December 3, 2016
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New Program at Rutgetrs to Help Immigrant Families

 CAMDEN -  Imagine being the parent of a sick child, and being unable to understand what medicine your child needs.  Or imagine taking your child to an emergency room and not being able to communicate the critical symptoms to the doctors.

 

In the City of Camden alone, hundreds of immigrant families confront “health illiteracy” on a daily basis.  A new project at Rutgers–Camden seeks to educate immigrant families and health-care providers alike to help children get the best medical care possible.

 

The Rutgers–Camden Center for Strategic Urban Community Leadership has received a $250,000 New Jersey Health Initiative Grant from the Robert Wood Johnson Foundation to advance awareness of early childhood health among immigrant families in the City of Camden.

 

The Health Education Literacy Project (HELP), part of the Rutgers Early Learning Research  Academy, will work with immigrant families to help parents better understand the nutritional, dental, immunization, and other medical issues related to young children.  Throughout the three-year program, the Rutgers–Camden project will seek to increase immunization rates for children of immigrants; decrease emergency room usage for routine health issues; offer parental guidance and training; and provide health care personnel with a better understanding of how to best work with immigrant families.  

 

Education is vital for childhood health, says Gloria Bonilla-Santiago, a Board of Governors Distinguished Service Professor of Public Administration at Rutgers–Camden.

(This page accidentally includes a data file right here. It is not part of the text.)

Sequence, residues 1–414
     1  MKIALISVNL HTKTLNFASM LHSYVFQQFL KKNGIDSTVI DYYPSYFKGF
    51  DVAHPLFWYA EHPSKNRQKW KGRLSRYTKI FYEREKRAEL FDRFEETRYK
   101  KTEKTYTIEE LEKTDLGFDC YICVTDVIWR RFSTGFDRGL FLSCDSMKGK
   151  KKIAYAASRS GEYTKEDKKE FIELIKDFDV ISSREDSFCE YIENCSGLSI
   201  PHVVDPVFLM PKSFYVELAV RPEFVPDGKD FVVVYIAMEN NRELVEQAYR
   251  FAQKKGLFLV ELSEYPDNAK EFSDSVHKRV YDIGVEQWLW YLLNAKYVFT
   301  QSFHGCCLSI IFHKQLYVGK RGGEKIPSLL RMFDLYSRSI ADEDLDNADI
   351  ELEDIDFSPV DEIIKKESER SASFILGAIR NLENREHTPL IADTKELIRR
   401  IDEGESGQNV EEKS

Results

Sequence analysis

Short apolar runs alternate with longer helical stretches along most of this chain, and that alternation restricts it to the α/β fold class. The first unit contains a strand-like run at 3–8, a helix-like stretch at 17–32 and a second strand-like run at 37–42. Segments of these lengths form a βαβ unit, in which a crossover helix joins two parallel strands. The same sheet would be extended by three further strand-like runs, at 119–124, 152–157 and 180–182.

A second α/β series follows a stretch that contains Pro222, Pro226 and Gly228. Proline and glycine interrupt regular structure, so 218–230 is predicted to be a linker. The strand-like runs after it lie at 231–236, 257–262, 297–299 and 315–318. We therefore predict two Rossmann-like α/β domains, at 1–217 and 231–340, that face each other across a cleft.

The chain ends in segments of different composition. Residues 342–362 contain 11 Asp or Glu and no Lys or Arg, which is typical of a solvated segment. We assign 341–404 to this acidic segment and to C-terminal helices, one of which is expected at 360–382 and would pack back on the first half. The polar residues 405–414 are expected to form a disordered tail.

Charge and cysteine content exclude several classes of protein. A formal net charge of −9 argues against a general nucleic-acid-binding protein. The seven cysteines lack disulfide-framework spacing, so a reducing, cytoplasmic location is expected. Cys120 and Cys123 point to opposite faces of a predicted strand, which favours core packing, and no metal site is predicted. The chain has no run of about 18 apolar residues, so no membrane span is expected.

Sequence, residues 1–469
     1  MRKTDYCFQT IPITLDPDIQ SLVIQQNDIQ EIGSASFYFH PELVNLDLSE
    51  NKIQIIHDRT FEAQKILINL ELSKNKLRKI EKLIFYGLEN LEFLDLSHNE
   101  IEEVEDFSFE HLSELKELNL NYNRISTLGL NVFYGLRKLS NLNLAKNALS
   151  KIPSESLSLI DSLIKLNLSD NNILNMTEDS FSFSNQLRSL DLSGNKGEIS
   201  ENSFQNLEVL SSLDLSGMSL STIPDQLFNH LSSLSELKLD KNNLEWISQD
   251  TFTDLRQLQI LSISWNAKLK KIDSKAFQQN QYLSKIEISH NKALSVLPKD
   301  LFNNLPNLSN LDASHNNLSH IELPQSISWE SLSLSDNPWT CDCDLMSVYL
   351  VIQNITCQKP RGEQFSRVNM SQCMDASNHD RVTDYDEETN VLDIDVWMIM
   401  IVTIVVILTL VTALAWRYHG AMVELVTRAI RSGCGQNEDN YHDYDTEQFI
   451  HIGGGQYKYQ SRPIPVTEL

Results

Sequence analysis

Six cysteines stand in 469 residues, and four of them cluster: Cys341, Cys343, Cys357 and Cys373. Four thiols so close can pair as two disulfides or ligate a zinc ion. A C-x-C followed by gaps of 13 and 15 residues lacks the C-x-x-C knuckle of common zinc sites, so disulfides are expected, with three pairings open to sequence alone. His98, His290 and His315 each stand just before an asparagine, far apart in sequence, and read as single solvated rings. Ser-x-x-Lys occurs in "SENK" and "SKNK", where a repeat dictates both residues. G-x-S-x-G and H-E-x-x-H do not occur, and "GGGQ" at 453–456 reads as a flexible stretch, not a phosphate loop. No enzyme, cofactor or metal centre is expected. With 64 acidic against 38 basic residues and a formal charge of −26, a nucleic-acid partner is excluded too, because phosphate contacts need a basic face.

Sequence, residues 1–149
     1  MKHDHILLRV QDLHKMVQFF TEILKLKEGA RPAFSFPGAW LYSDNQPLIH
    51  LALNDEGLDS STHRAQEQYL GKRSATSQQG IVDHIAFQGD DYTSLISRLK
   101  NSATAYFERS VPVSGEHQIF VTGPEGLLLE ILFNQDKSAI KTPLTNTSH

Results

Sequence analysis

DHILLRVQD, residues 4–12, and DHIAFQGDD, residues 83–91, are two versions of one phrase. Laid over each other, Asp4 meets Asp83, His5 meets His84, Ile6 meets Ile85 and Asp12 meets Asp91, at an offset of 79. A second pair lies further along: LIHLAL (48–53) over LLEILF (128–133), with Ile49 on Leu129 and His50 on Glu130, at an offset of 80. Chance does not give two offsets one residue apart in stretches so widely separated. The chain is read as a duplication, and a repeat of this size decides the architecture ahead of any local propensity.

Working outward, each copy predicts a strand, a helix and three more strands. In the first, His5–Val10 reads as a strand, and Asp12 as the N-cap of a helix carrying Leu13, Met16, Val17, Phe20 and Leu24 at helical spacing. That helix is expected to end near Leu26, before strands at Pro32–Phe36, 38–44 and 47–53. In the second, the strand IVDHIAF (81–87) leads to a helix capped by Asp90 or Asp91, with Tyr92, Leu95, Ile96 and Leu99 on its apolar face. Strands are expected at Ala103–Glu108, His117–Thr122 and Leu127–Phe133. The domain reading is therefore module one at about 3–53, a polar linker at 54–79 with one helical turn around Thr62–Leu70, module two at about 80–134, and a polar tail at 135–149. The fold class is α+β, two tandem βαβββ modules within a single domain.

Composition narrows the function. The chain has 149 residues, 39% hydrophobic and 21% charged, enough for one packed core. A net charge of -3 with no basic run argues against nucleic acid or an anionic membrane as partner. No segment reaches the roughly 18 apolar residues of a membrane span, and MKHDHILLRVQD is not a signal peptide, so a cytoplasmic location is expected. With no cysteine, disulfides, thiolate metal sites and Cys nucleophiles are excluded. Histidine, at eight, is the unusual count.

“Immigrants comprise more than one-tenth of Camden’s overall population,” explains Bonilla-Santiago, the director of the Rutgers–Camden Center for Strategic Urban Community Leadership.  “Low levels of educational attainment, poverty, limited English proficiency, lack of adequate health insurance, and low awareness of health resources in their community make the children of immigrants among the most vulnerable.  When immigrant children who have been raised in impoverished conditions enter school (or preschool), they may be poorly nourished, have unattended dental problems, may not be fully immunized against childhood diseases, and may suffer from other preventable or treatable health conditions.   

 

“Working with Cooper Health and all of our partners, our goal is to improve health literacy which, in turn, results in increased immunization rates for children of immigrants; decreased emergency room usage for routine health issues; better parenting skills; and health-care personnel that have a better understanding of how to help immigrant families.”  

 

The new Rutgers–Camden initiative will develop tailored curricula for educators and health-care providers (including medical students).  HELP partners will include Cooper Family Medicine, the Camden Coalition of Health Care Providers, and such early childhood care agencies as Respond, Mi Casita, Broadway Family, El Centro, and the LEAP Academy University Charter Schools.

 

At the conclusion of the project, immigrant families will have improved functional English language skills for navigating the health system; an increased understanding of how to read a prescription, where to go to fill the prescription, how to administer the medicine, and how to use over-the-counter medications; and a deeper understanding of critical health topics for infants and young children, and how to best describe symptoms to a doctor or nurse.


“All parents want children to grow and thrive, but learning to negotiate the American healthcare system can be daunting to new immigrants,” adds Christine Brenner, an associate professor in the Department of Public Policy and  Administration at Rutgers–Camden, and co-principal on the grant.

 

“We are excited about the future impact of the Health Education Literacy Project in assisting the growing number of Mexican, Dominican, and other Camden immigrant families in raising healthy children. The Robert Wood Johnson Foundation’s generous grant presents an important opportunity to build on the strong community relationships developed through the work of Governor Corzine’s Blue Ribbon Advisory Panel on Immigrant Integration, the established linkage between LEAP University Charter School and Cooper Hospital, and our on-going working collaboration with the Consul of Mexico in Philadelphia.”

 

For more information, contact the Rutgers–Camden Center for Strategic Urban Community Leadership at (856) 225-6348.

 



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